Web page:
access to public services

24

Aug'15

Democratic Accountability in Service Delivery : A practical guide to identify improvements through assessment

This guide aims to strengthen democratic accountability (both social and political accountability) in service delivery in both emerging and consolidated democracies. As democracy is ultimately about popular control over decision-making and political equality, International IDEA has designed a methodology that allows for a broad and participatory assessment process based on local ownership. A participatory approach is, in fact, as important as the assessment process and its findings. The guide is available in different lenguages: Arabic, English, Bahasa Indonesia, Burmese, French, Kiswahili, …

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24

Aug'15

Assessing Democratic Accountability In Service Delivery

This report presents a summary of an assessment carried out by the Office of the Ombudsman of the extent to which Malawian citizens, acting directly or through their political representatives, have access to effective means of redress and accountability in case of failures in the provision of their solid waste management service. The report highlights views of public officials from central and local government, civil society organizations (CSOs), traditional leaders, ordinary citizens and politicians who were consulted about their actual …

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24

Aug'15

Democratic Accountability and Service Delivery: A Desk Review

This paper seeks to identify and document how different modalities of democratic accountability are linked to improved service delivery in developing democracies. The work extends an agenda proposed by International IDEA’s Democracy and Development programme to better understand the workings of accountability mechanisms. This paper addresses a double democratic challenge: to strengthen formal and legal mechanisms that allow citizens to articulate and voice their policy concerns, and to encourage elected and non-elected representatives to effectively respond to the provision of …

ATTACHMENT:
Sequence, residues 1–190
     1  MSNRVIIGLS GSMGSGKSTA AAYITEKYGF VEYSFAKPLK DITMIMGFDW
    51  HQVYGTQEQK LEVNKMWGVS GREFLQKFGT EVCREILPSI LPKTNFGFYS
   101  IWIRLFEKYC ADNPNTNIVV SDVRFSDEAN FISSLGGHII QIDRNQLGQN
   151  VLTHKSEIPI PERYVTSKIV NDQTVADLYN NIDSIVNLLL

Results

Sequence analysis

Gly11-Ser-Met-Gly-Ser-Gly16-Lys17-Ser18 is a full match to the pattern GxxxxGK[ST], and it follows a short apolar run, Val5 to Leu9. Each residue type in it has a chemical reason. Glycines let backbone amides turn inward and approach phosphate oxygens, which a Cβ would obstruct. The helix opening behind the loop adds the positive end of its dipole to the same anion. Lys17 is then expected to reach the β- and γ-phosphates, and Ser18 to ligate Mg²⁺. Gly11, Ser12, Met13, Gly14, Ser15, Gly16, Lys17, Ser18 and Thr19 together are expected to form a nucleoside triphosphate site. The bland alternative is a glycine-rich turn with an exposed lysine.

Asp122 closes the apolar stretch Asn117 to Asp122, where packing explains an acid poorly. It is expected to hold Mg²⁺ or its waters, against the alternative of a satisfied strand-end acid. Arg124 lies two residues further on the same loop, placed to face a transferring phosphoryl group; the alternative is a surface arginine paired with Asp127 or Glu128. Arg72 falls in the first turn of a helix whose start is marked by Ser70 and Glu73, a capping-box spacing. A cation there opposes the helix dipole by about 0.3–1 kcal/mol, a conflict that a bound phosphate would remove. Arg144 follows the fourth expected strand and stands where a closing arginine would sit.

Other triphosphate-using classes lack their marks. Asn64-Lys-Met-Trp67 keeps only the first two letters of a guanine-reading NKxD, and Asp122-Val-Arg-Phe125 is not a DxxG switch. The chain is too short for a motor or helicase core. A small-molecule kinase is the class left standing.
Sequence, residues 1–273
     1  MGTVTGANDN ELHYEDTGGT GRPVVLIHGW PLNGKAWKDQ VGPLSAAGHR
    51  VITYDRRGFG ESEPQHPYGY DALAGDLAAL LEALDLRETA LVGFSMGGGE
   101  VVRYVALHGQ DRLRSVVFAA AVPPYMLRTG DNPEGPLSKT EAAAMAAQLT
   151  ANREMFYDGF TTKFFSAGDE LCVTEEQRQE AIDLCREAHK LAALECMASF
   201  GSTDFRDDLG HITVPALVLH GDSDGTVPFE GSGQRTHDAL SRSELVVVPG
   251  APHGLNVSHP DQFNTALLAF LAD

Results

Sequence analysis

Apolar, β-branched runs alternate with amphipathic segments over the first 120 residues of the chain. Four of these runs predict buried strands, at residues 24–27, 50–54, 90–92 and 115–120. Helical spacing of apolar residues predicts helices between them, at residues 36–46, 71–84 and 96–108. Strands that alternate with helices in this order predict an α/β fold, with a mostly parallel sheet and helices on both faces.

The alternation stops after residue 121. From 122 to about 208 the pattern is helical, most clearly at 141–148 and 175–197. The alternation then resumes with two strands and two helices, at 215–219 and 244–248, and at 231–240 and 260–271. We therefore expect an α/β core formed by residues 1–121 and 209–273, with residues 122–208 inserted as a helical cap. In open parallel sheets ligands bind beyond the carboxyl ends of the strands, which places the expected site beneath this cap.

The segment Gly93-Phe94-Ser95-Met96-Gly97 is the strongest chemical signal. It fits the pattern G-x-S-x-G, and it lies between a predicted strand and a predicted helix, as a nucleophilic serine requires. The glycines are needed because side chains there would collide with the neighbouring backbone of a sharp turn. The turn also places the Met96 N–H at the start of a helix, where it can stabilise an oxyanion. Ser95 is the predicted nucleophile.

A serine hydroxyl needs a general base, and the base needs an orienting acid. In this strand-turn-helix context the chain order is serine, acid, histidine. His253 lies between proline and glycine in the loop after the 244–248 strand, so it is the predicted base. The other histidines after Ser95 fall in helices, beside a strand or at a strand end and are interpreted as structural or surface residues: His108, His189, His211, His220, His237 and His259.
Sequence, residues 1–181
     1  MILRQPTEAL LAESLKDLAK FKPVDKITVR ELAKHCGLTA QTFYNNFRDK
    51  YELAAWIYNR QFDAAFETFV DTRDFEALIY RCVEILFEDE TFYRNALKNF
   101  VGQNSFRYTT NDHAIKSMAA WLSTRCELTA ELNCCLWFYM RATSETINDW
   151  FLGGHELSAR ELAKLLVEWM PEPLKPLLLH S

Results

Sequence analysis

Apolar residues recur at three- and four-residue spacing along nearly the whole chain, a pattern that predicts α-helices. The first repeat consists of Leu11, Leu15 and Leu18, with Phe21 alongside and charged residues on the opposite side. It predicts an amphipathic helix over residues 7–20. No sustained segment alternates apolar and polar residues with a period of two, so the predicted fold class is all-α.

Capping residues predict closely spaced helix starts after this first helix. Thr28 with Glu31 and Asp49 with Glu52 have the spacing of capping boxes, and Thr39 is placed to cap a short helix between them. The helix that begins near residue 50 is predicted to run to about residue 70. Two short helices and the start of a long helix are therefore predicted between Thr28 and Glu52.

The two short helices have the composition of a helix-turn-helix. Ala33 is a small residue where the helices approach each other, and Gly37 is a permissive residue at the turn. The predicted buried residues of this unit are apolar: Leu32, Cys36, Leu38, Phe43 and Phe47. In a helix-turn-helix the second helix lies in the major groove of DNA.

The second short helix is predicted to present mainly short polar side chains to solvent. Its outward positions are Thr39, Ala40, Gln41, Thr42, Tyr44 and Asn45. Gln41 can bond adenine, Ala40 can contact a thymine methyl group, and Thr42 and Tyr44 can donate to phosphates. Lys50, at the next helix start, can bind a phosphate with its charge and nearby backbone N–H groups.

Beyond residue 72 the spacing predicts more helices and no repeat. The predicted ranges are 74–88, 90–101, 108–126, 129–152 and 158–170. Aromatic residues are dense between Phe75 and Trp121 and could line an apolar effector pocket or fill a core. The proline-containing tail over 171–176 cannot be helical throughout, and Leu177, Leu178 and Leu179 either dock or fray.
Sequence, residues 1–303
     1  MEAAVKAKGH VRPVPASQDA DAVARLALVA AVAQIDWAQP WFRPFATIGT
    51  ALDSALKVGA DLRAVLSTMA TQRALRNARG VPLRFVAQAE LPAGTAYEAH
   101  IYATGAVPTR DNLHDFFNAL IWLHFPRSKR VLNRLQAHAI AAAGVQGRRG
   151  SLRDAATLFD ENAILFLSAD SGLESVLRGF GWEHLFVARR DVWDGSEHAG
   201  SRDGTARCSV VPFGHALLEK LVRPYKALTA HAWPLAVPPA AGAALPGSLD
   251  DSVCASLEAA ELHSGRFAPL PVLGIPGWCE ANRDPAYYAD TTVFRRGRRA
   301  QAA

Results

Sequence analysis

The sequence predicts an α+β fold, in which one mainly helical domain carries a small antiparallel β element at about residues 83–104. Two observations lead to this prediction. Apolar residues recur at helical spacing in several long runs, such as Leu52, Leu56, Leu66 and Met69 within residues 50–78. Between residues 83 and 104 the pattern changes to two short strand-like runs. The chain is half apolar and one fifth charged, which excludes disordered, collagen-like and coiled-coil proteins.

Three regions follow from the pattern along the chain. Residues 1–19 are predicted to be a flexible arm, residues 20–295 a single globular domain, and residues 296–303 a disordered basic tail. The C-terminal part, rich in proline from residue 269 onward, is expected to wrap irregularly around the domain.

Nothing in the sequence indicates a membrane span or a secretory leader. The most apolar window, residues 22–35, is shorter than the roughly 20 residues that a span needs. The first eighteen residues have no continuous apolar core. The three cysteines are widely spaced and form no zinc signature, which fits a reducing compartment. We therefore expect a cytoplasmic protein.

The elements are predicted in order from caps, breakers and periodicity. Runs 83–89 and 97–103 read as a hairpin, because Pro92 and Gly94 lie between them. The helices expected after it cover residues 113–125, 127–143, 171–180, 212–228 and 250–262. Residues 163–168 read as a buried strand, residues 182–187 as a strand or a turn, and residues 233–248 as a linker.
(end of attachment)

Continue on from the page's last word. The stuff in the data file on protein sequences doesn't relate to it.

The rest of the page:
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24

Aug'15

Mobilising communities around school feeding

Starting in 2009, Mali’s national school feeding programme established criteria for the regions and, within them, schools to be funded by the state. Dogoni Second Cycle was one of a handful of schools in the cercle of Sikasso that joined the programme for the 2011–2012 school year. However, early 2012 the National School Feeding Programme identified 166 vulnerable communes as priority zones for state funding, excluding the cercle of Sikasso. As a result, funding for school feeding programme at Dogoni Second …

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24

Aug'15

From Old Public Administration to the New Public Service

Public administration in the 21st century is undergoing dramatic change. This is the case not only in advanced economies, but also in many parts of the developing world. Problems faced by governments are increasingly complex, ‘wicked’ and global, rather than simple, linear, and national in focus.  But prevailing ideas about public sector reform often do not fully encompass the significance or implications of these wider developments. This paper argues that public sector reform efforts in developing countries should embrace these …

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15

Jun'15